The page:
Doing Things Together

Video games are the path to the future that we can now all  enjoy. Let’s face it: since we were young, working and being a part of the gaming ecosystem is what makes great indie companies spring into being, drives young coders to experiment and coaxes designers to try their hand at making characters, enemies and worlds. It went from “video games are a hobby” to “video games are a lifestyle.” Now, whether you’re creating, publishing, or even playing (big congrats to ZeRo and Armada after EVO 2015 this weekend!), you can make video games your career.

 

Crowdfunding has become as much a part of gaming as teaser  trailers, playable demos or pre-order bonuses. They serve the purpose of generating hype, creating and showcasing demand and letting users feel like they are part of the process. Crowdfunding also allows for dreams to come true. For some, they have the talent, the ambition and the idea, but not the capital to execute. Maybe you’ve never made a game before in your life, but you know that your project could wow and delight fans all over the world. Maybe you just had bad luck with your recent works and you need fans to vote and confirm that it’s worth giving you another chance. Or maybe you know the fans want it, and you can make it, and you just need evidence to convince the publishers and producers that it’s a worthwhile investment.

 

 

This last element is incredibly relevant in the recent trend  of crowdfunding. Big names have come into play to make the project that they – and we – have always wanted, but larger publishers weren’t certain about. It’s incredibly easy to give the green light to the next installment of Grand Theft Auto or Halo: the numbers are recent, accurate and concrete. But retro games making a resurgence in modern times is a bit of a gamble. Sure, if you go to any Nintendo based forum, you’ll hear everyone clamoring  about how amazing Banjo-Kazooie was and that they’d totally buy a sequel. But it’s when you make people put their money where their mouth is and conjure over 3.2 million USD that others take notice and agree: this is a viable platform.

 

The success, inevitably, comes down to the fans. A great idea  with little to no support or excitement will be dead in the water. Interestingly, an idea that diverts far from current trends support will bloom in the wildest ways, even if it should, on paper, not even get off the ground. It’s the wonderful whim of having  people vote with their wallets: no matter what it says in theory, it’s the execution, ultimately, that yields results.

 

This past weekend was the conclusion of the wildly successful  Shenmue 3 Kickstarter campaign, which yielded an unprecedented 6.3 million dollars, making it the most funded  video game Kickstarter ever, beating Bloodstained (which only  achieved that title as of last month). It’s really interesting: everyone I’ve ever met who’s played Shenmue has been salivating and begging for a sequel for now two generations of gaming consoles. The Dreamcast passed away, the XBox and the 360 came and went before, of all people, Sony stepped up to resurrect  Shenmue on the PS4. An older game that, arguably, was obscure (at least in the scope of gaming exposure nowadays) has just raised over 6 million dollars without any real screenshots, demos or story line  to speak of.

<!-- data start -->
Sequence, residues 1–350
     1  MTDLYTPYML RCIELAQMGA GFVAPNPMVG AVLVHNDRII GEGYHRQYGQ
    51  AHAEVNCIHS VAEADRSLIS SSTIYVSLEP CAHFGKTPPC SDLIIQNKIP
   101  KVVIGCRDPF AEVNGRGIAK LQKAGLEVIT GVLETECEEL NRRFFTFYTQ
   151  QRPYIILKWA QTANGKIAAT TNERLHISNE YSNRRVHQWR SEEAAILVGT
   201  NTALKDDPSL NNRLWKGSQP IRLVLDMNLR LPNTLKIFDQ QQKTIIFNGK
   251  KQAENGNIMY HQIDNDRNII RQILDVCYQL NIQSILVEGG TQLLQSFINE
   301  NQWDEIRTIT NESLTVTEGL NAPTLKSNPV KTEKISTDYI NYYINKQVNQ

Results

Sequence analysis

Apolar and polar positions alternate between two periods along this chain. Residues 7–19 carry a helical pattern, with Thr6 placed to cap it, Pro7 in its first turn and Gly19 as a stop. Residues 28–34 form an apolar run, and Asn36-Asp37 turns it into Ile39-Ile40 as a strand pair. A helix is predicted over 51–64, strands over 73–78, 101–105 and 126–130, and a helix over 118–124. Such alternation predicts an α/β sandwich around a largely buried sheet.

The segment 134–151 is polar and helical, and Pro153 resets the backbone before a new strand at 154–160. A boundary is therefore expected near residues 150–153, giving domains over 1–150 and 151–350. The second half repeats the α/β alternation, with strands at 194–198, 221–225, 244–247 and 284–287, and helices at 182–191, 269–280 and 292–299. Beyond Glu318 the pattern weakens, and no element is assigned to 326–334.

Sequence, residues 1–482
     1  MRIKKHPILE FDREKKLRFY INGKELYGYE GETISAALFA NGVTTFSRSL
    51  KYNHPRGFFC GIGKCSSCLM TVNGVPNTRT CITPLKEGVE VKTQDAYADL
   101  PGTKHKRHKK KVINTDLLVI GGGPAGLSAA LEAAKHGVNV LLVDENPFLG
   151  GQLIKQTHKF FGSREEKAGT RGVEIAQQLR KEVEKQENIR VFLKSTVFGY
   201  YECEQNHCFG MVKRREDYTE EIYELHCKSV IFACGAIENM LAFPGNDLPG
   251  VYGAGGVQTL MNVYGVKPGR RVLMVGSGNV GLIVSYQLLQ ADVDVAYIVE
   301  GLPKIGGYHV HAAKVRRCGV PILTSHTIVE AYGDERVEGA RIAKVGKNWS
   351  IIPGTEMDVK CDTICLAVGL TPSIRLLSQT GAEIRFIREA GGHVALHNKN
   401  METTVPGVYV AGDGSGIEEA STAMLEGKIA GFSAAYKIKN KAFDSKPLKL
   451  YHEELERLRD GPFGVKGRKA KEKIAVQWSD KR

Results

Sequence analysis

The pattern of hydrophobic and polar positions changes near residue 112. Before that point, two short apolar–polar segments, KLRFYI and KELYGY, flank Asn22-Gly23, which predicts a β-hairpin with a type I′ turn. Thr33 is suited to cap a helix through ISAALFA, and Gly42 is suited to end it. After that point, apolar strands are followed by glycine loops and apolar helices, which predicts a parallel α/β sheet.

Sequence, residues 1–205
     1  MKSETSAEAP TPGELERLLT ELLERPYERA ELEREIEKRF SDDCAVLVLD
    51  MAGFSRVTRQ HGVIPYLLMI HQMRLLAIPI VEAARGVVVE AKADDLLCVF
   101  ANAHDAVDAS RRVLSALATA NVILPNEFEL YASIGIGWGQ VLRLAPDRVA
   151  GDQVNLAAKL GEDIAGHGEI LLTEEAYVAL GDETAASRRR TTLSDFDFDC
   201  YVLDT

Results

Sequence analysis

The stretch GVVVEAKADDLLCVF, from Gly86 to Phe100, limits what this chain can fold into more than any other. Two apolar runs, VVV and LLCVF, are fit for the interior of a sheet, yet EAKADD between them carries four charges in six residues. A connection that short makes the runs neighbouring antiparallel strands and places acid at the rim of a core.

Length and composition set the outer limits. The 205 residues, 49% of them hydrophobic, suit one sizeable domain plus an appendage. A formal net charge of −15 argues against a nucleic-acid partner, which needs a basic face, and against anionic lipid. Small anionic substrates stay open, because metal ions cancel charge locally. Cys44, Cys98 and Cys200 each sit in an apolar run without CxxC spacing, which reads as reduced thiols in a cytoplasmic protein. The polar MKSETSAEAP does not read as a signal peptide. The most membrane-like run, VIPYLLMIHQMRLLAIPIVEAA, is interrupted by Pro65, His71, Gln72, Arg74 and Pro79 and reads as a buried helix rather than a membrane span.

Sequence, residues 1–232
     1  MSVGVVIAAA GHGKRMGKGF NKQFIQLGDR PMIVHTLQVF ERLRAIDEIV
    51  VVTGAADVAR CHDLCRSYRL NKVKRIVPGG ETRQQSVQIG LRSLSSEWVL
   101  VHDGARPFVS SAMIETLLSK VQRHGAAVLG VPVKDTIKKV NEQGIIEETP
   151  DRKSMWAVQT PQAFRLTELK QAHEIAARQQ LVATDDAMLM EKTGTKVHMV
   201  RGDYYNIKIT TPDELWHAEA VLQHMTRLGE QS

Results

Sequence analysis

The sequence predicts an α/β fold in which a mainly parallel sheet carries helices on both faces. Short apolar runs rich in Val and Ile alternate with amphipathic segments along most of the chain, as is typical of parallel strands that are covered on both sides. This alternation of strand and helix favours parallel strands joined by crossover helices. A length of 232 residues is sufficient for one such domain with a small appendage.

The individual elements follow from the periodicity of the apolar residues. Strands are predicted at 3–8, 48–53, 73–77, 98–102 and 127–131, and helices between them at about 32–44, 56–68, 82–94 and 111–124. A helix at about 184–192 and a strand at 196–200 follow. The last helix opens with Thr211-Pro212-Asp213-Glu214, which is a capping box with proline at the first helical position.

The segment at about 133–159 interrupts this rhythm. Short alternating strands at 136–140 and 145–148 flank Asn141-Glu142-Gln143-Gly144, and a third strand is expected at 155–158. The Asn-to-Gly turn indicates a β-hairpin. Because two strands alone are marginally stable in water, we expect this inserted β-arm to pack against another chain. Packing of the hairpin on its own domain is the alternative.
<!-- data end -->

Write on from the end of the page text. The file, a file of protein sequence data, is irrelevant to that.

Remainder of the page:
It comes down to the mentality of crowdfunding. In the minds and hearts of each backer, they are a part of the creation process. They are now an intricate part of the game development world, even if it’s as simple as putting down money in a move that says “I want this to happen.” Letting consumers be a part of the game is what makes Kickstarter, IndieGogo and the like so appealing. You are part of this game. Even if you can’t write a line of code or draw a good circle, you can show your passion and confidently bet on a project you want to see happen. You are the part of the machine that makes this all happen. Without the love and mentality of the fans, things like Wasteland 2, Mighty No. 9 and even our own La-Mulana 2 would have never seen the light of day in the incarnations we see now.

 

So I say thank you. Whenever a game gets funded on Kickstarter and hits Steam or another platform one month, six months, six years from now, be proud. You made it possible, even if you didn’t back that particular game. If you’ve ever backed anything, thank you. You make the process work, and, as in the past unto the future, we couldn’t have done it without you.

ppen.” Letting consumers be a part of the game is what makes Kickstarter, IndieGogo and the like so appealing. You are part of this game. Even if you can’t write a line of code or draw a good circle, you can show your passion and confidently bet on a project you want to see happen. You are the part of the machine that makes this all happen. Without the love and mentality of the fans, things like Wasteland 2, Mighty No. 9 and even our own La-Mulana 2 would have never seen the light of day in the incarnations we see now.

 

So I say thank you. Whenever a game gets funded on Kickstarter and hits Steam or another platform one month, six months, six years from now, be proud. You made it possible, even if you didn’t back that particular game. If you’ve ever backed anything, thank you. You make the process work, and, as in the past unto the future, we couldn’t have done it without you.

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